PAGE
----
When D&AD announced its New Blood Shift programme back in April this year, they did so with one priority. In their own words, they wished “To test a belief that success shouldn’t be about who you are, where you’re from, or who you know.” As someone from a working class background myself, this is a belief I share, and an ideal that the programme hopes to prove is not only possible, but can result in a more diverse and healthy industry. The initiative involved selecting 17 young creatives to take part in a 12-week creative night school, which started in September. Each of the young people chosen had one common attribute; they had no formal design training. Over the past 12 weeks, the selected applicants, whose current job titles range from a yoga instructor to a barista, have taken part in sessions ranging from answering briefs and creating portfolios to honing their craft, while being supported by industry mentors. Having completed the night school course, the 17 creatives are now having their work showcased at an event in London with the hope of embarking on careers or internships in the creative industries.
Paul Drake, Foundation Director at D&AD, said: “We have given the Class of 2016 the knowledge, honed skills, and built the resilience needed to grow in the industry. But in order for New Blood Shift to succeed, we need the industry, to offer the next steps.” Mark Tutssel, Global CCO of Leo Burnett, who supported the programme from its inception, added: “I think talent resides everywhere, historically our source has always been through education and the usual outlets like universities and art colleges, but if you look outside of that, people everywhere have a talent, everybody is creative. I’m always looking for people who challenge the status quo, who point a compass to the future and bring new fresh innovative imaginative ideas to the table, which is why I'm proud to have supported and enabled D&AD New Blood Shift.”
Below, I've outline a selection of work from some of the creatives who took part in the programme:-
A budding interior designer, Bethany is currently working as a waitress to fund her gap year. Speaking on her decision not to study art or design at university, she said: “Despite loving a good paint, my dream of art school just didn’t captivate or challenge me, and I realised that on the numerous gallery trips, I wasn’t so much documenting the art as the interior spaces.”
Richardson is a music nerd currently working in a secondary school, fixing computers by turning them off and on again, but hopes to one day be a creative director. The music nerd and creative soul has no formal design training. The aspiring graphic designer said: “Shift has given me the confidence to approach potential employers without a design degree and ask, what’s up?”
A freelance graphic designer from Birmingham who aspires to run is own business, Jamie is inspired by film and also writes his own music. He believes that design and music, at least in his case, go hand in hand. Of his work, he said: “I’m always trying to find a fresh and modern solution to the creative problem.”
Someone who describes herself as an old soul, Evalcia is a singer/songwriter with a passion for the arts, who has travelled the US to write for other artist and develop her own craft, but currently works on the tills at Sainsbury's. She now aspires to be a music video director. Of her time on the programme, she said: “I have learnt that no matter what you do, where you are from or where you are going you can make your dreams happen.”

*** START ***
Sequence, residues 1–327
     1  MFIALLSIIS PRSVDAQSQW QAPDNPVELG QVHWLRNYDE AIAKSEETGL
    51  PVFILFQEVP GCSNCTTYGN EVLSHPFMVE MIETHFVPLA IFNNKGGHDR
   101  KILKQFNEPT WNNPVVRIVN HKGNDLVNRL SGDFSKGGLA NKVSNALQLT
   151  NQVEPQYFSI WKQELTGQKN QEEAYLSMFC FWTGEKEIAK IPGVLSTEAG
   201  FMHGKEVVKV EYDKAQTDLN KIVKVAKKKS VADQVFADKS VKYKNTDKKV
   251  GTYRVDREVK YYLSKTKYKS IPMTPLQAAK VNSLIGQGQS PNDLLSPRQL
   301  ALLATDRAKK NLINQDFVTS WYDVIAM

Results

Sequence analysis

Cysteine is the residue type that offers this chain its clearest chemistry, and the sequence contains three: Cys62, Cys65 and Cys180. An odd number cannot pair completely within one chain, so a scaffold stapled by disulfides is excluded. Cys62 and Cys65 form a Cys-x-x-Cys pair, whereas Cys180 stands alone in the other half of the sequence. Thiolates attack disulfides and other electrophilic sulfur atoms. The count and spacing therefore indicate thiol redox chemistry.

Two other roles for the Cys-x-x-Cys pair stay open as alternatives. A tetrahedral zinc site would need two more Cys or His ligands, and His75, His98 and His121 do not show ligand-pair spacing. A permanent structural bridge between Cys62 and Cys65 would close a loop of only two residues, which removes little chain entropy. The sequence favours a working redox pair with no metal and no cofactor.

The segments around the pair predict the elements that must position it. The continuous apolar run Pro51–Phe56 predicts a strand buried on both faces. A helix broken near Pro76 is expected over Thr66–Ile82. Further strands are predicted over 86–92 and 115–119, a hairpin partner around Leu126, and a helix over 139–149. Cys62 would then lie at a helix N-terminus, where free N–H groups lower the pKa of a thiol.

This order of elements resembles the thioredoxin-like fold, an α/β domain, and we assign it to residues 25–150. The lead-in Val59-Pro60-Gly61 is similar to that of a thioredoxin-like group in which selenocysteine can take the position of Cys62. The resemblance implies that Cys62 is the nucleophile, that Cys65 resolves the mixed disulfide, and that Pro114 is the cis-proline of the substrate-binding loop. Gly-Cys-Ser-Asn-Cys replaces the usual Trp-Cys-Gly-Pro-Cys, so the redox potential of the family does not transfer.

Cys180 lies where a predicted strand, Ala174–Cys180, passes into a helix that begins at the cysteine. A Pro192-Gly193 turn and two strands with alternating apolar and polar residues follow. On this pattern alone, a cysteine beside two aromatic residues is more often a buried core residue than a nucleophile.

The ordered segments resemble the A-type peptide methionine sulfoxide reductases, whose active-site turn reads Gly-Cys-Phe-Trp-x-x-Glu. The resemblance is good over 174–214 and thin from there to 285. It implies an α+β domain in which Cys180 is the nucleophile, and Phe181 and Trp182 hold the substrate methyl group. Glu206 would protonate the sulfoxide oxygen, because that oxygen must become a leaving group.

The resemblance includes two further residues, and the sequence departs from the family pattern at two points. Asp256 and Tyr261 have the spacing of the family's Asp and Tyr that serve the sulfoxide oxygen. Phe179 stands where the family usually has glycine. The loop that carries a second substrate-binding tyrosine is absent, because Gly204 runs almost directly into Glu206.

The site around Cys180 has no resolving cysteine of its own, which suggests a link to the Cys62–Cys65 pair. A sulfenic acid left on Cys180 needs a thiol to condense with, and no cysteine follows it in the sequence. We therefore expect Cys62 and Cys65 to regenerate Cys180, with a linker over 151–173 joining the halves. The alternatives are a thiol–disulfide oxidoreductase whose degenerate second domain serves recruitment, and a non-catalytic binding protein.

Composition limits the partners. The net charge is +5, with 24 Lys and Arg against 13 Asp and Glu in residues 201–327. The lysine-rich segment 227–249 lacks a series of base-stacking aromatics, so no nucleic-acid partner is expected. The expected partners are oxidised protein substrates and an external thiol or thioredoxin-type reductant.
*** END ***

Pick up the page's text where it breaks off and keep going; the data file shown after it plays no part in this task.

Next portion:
Currently designing and illustrating independently, the east London-based Maguire says that after completing the course he hopes to be designing and illustrating more often and hopefully as “part of a pack,” presumably meaning agency work is on his radar. He said of his New Blood Shift experience: “The most important thing I have taken from Shift is restored confidence.”
This carpenter’s assistant is a budding painter and illustrator. Speaking about the benefits of taking part in the programme, Skeet says: “Shift has introduced me to so many great, creative people with burning talent and ambition. It has enabled me to venture into a world I knew nothing about and feel as though there is a place for my own weird brand of creativity.”
In 25 years, Sophie has moved 19 times across three continents, and she says she has used the stories earned via this nomadic lifestyle to inform her work. She said of the programme: “New Blood Shift has made me believe that I can achieve something that has always been merely a pipe dream.”
A proud oddball with a love for abstraction, Jonny feels that convention is overrated. He currently describes himself as “funemployed,” but aspired to be a conceptual artist. Of Shift, which he hopes will help him work towards a future that will allow him to create positive change with his idea, he said: “It’s allowed me to be me, without any restrictions on my creativity or personality.”
What do you think of the initiative? Personally, with tuition costs now costing up to £9,000 a year, I welcome the idea of opening up the creative industries in any way, shape or form to those who would otherwise perhaps not even consider it a possibility. The sad fact is, many of us simply can't afford these ridiculous fees, which often lead to years of unpaid internships that are impossible to live through unless you are either independently wealthy or living off the bank of mum and dad. If the initiative has sparked your interest, you can see more of the 17 finalists, even more shortlisted work, and learn more about the programme in general, right HERE.
Benjamin Hiorns is a freelance writer and struggling musician from Kidderminster in the UK.